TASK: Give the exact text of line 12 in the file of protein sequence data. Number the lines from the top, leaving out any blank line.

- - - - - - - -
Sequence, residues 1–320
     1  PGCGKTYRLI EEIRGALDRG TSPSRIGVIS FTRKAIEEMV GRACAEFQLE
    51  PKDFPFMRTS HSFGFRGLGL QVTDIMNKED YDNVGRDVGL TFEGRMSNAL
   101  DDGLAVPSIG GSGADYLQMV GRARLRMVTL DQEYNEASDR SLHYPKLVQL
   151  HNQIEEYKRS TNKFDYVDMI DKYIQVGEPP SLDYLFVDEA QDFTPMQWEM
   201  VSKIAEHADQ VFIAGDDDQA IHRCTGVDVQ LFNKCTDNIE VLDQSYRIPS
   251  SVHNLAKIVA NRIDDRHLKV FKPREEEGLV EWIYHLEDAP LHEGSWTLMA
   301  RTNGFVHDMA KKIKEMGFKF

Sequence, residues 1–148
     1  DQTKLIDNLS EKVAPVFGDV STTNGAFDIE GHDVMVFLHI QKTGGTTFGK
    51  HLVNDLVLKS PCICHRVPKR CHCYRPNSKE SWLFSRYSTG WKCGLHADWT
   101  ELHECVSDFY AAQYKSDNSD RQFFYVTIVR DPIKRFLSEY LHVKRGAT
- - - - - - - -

   101  ELHECVSDFY AAQYKSDNSD RQFFYVTIVR DPIKRFLSEY LHVKRGAT